Paul Newman goes through the gauntlet in giving a physical, torturous performance, and the director, Stuart Rosenberg, certainly goes through just as much of a gauntlet to make the setting around Luke feel like a torturous Hell.  So much of the outstanding cinematography by the great Conrad Hall gets way up close and far too personal with the prisoners.  You’re gonna see about as much skin in “Cool Hand Luke” as you’ll ever see, as we get right in on every sweaty torso caked with crusted dirt and feel the arid heat of the ditch they’re digging or the cramped living quarters.  You’ll be just as cramped and aching as Luke as he spends days in “The Box” as he shuffles his feet to prevent cramping.  You’ll feel the collected breath and body heat of all the guys as they huddle around Luke in his epic quest to eat fifty eggs without puking and every punch that Luke’s nemesis-turned-devoted confidant Dragline lays on him, the camera getting right in on these two brawlers.  There’s the scene where the prisoners ogle the girl washing her car, as the camera subjectively hones in on every crevasse and pore of this girl and her skimpy outfit.  In the world of “Cool Hand Luke,” there’s no such thing as personal space, as everything seems desperately confined and imposing.  Sure, some images go over the edge of needless symbolism, like Luke taking the form of the crucified Jesus, or the final fate of the imposingly silent boss’s sunglasses.  That aside, though, few times before have I seen a camera so clearly trying to establish a particular point of view.  I was amazed at the absolute abundance of low-angle shots, as many of the bosses are introduced via their feet, and the whole way through many faces are obscured as figures of authority (and desire in the case of the girl) are made to look more imposing than they really are.  The sunglasses-wearing, silent “man with no eyes” is a case in point, reminding me of the overly-imposing cop in “Psycho” in representing the absolute in emotionless, cruel authority.  Sometimes the excess of low-angle shots or feet-shots were too much and made sections of the movie too stylized, sometimes they were perfect in establishing the hopeless “us vs. them” mentality of the prisoners versus the authority figures.  This is a movie that focuses not on the face, but on the body, in all of its sweaty, exhausted glory, as man is reduced to mere laborer.  The exception to this is, of course, Luke (what filmmaker in their right mind would avoid that iconic Paul Newman grin and blue eyes? :P).  His is the face that we need to see, as the other prisoners revere with bewilderment and admiration this unusual stranger who for some reason (perhaps unknown even to himself) refuses to conform.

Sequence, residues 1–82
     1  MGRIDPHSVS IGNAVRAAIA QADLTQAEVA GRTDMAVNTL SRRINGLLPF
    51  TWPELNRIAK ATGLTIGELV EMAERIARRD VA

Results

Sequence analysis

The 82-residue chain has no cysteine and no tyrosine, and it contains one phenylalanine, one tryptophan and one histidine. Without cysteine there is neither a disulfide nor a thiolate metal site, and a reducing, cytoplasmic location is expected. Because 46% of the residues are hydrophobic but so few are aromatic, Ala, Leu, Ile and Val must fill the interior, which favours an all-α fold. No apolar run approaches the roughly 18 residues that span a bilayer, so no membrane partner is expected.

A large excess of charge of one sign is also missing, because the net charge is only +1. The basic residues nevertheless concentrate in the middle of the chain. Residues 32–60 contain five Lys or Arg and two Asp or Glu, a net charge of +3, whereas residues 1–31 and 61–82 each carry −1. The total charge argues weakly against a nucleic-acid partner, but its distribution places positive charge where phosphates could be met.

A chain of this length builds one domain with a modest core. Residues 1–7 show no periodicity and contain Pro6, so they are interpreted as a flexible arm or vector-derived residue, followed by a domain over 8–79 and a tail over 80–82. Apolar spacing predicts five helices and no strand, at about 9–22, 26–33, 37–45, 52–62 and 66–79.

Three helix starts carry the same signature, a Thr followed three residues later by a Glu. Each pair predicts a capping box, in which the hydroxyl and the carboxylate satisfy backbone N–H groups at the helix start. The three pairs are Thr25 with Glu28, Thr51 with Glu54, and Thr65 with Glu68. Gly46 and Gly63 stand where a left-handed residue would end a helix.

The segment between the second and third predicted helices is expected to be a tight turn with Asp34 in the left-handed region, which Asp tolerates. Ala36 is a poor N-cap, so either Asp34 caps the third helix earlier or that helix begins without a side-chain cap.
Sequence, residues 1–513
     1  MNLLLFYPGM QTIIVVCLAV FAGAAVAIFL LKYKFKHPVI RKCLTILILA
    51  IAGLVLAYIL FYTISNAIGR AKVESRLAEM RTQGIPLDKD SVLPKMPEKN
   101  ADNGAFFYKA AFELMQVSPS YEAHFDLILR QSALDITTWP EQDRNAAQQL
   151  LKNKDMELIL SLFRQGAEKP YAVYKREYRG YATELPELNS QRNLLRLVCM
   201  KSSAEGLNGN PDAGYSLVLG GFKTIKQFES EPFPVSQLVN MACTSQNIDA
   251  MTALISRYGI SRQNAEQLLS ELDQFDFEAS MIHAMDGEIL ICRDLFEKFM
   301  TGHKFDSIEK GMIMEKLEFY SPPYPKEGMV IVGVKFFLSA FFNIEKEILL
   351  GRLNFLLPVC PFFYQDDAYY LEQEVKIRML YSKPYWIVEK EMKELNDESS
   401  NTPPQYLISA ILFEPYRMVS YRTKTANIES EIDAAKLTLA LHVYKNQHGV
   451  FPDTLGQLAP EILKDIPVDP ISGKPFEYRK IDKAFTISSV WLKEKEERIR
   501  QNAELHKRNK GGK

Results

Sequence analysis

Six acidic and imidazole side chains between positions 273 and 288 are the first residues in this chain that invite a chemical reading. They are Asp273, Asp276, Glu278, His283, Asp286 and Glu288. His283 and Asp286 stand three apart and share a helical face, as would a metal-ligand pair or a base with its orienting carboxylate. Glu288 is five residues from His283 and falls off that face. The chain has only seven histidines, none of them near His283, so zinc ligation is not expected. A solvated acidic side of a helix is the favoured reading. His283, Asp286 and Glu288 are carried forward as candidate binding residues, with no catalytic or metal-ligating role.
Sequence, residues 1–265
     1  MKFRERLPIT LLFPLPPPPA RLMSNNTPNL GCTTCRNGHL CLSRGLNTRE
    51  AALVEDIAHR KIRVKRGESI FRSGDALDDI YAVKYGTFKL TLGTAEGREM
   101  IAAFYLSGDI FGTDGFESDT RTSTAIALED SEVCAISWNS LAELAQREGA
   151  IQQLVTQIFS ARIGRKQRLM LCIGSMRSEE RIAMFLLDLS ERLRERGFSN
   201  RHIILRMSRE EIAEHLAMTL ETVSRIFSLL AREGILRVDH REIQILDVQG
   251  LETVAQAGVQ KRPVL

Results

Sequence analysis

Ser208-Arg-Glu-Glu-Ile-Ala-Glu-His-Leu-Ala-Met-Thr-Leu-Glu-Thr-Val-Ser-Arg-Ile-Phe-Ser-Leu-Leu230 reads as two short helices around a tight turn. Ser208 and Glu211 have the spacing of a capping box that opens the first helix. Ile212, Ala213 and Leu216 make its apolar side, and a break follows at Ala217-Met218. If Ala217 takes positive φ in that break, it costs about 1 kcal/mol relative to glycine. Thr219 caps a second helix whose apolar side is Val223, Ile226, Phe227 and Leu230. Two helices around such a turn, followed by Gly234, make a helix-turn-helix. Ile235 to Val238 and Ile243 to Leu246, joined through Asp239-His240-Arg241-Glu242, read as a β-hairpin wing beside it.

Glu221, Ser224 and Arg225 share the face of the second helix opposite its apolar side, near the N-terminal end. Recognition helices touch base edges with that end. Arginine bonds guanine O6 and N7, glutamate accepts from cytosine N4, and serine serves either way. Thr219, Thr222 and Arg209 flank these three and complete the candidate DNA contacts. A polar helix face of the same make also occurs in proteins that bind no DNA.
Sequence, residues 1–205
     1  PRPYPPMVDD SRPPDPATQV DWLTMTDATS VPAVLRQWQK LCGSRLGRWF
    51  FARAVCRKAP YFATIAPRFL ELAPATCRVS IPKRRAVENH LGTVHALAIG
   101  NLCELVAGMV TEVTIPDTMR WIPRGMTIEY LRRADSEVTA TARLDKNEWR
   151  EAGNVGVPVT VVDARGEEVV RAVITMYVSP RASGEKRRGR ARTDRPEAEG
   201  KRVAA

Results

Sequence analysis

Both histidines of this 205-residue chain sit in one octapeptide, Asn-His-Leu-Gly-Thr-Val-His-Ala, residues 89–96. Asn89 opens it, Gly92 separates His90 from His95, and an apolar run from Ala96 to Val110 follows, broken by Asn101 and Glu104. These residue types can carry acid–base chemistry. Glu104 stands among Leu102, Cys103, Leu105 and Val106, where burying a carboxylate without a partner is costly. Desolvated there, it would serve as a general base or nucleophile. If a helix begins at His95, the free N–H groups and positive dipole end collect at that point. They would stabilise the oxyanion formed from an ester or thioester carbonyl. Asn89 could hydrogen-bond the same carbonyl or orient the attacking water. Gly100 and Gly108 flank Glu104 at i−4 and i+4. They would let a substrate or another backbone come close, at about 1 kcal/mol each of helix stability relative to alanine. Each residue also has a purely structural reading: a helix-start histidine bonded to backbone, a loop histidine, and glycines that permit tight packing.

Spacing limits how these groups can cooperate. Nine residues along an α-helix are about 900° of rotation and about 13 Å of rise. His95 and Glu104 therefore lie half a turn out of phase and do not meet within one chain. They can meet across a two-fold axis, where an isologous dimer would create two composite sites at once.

“Cool Hand Luke” may have been an unpleasant, exhausting look at crude men in squalid conditions, but it’s also an inspiring story of solidarity, as the prisoners throw themselves behind this unique, nearly indecipherable man, coming together in song as they support Luke in spirit as he endures physical hell (dying for the sins of others in true Christ-like fashion, perhaps? 😛 ).  I’m not sure I ever really got a grasp on what Luke was all about (I’m pretty sure the only person he actually has a failure to communicate with is himself), but I can see why he would cause such a stir in an otherwise hopeless set of poor saps in that prison.  As Dragline points out, Luke goes out with that “smile of his…that old Luke smile.”  It’s the same smile we see him wearing when we first see him knocking over those parking meters, and seeing it again when he brings about his final fate, everything comes full circle (even though the Paul Newman’s pretty face-centric montage that closes out the movie might be on the overly-sentimental side).  His motives might be impossible to figure out, but with that old Luke smile, he at least stays consistent and true to himself, and finally gets out of that damn place on his own terms.



3 comments so far

  1. Lauren on

    I can’t believe you can throw words like “maverick” around so casually.

    Great film, great man, great review. I did not expect to like it so much, but it lives up to its reputation. Enjoy your Newman retrospective!

  2. Simon M. on

    I was regretting using the word maverick as I was writing it 😆 . Somehow I don’t see McCain as having the Newman-like dastardly charm and charisma during that POW experience he loves to throw around.

  3. ShotgunAndy on

    Newman fucking rocks! Coolest man to ever set foot upon this Earth, hands down.